Sipping some brandy by the fire. Fire crackling in the fire place and the cozy embrace of a winter cabin. Peace…that’s how I think people envision localization maturity: Some kind of heaven or ultimate place that people get to when they do everything right in their localization departments. All processes and responsibilities are clear, tools work seamlessly, the delivery model is flawless and any wrinkles are quickly and effortlessly ironed out. As tempting as this sounds, striving for this will ultimately create more problems than it will solve.
1) The Holy Grail
Salvation and eternal life. Most of us would take it if given the opportunity. No more pain or worries that stem from our frail and ephemeral existence. The same principle applies to the chaotic space of localization. Localization is fueled by international growth and growth is inherently messy, If you are growing that means you are pushing the boundaries. If you are pushing the boundaries that means you need new processes and new roles in order to fulfill those requirements. The ultimate dream for anyone involved in localization is to get rid of the mess. While things can and should get more organized and more predictable, it is unreasonable to have a romanticized ideal of what maturity looks like. Maturity is still messy. I would argue that maturity is messier. Maturity means you have the strength to address the harder questions. And as soon as you address those, there are harder questions waiting just around the corner. It’s a process with no beginning and no end. The Holy Grail archetype where we somehow reach the localization promised land just adds confusion to our search.
2) Self-fulfilling Paradigms
When you have a hypothesis, you seek to prove or disprove it through testing. If you have biases however, you will try to conduct testing in ways that further consolidate these biases. So if your bias is that you have reached maturity and that maturity means that there is no more chaos, that means that you are more likely to disregard chaotic data points as disregardable or dismissable outliers rather than things that should actually be addressed. So as an example, let’s say that we have a preconcpetion that our localization practices are mature. Elements that point otherwise such as extended time to market, high over head costs, lack of opportunities to improve, are more likely to get brushed off rather than addressed full on.
3) Maturity implies lack of humility
If you consider yourself to be mature, that probably means you are not that mature to begin with. Same thing with humility. Most humble people I have met will seldom describe themselves as humble. Rather, they will be humble or act in a humble way. When maturity becomes a romanticized concept that we strive to achieve, we lose sight that the very essence of maturity is the appreciation that there is so much more to be learned and accomplished. There is no localization nirvana, no place where all the problems have been solved. There are places where a state of equilibrium has been reached and the market/company demands are properly met by the solutions offered by localization. But more often than not, this is just because the demands are not growing or changing fast enough.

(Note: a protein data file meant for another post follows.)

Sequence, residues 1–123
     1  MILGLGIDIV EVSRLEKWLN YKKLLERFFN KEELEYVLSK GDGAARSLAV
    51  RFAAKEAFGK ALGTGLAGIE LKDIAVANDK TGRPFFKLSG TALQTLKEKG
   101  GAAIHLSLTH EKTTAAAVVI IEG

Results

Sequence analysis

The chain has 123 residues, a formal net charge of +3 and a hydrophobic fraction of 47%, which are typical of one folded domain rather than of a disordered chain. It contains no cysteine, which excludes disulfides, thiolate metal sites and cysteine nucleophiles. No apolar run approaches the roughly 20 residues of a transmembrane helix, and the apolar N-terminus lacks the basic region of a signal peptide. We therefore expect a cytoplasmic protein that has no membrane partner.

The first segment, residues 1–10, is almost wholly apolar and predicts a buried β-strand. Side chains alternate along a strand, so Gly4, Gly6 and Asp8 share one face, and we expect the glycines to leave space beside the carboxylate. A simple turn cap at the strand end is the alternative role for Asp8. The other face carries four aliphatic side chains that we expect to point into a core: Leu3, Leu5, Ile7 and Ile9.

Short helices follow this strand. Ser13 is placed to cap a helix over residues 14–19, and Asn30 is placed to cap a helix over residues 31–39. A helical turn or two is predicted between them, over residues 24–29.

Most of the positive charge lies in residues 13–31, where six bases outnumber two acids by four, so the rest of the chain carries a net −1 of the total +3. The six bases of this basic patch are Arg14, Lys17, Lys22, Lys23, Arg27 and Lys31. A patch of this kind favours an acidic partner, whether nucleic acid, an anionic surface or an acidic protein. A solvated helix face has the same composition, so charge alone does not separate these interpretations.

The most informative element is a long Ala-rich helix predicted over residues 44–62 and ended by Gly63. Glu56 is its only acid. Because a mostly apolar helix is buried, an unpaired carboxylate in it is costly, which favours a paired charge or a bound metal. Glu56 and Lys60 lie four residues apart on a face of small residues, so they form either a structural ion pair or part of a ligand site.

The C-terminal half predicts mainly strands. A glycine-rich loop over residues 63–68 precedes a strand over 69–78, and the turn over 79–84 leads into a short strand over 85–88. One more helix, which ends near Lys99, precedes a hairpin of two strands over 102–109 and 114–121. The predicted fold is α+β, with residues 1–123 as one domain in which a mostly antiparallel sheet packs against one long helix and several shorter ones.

4) Maturity can be a sign of getting old
In that sense, reaching localization maturity, or any kind of maturity for that matter can be a clear sign of getting old. Not old in the traditional age sense, but old in the sense that no new learnings or challenges are introduced into a given system. Romanticized maturity can just mean that the ecosystem in which you are engaged in is not growing fast enough, is not evolving fast enough or that someone is artificially setting the bar lower than it could be set.
Think about it. We are nowhere near understanding how pay linguists fairly for their work. Nowhere near towards really being able to scale service without some impact in responsiveness, knowledge sharing or other items impacted by a larger team. We are nowhere near defacto solutions for Translation Memory and terminology management, Sure we have translation memories and glossaries, but I am talking about managing them so that they are always fresh and up to date within the context of large global teams with hundreds of participants taking on different roles. Seriously, when you consider all the challenges that we have not been able to even begin to address as an industry, labeling your localization model as mature is borderline ludicrous. And even it is true and accurate it is not healthy or conducive to furthering learning and development which is in the end what keeps us ticking anyway. So go ahead! Don’t be afraid to embrace your own immaturity because that’s what will make the room for furthering your expertise and growth!
Written by Gabriel Fairman
Gabriel is the founder and CEO of Bureau Works. He loves change—and eating grass.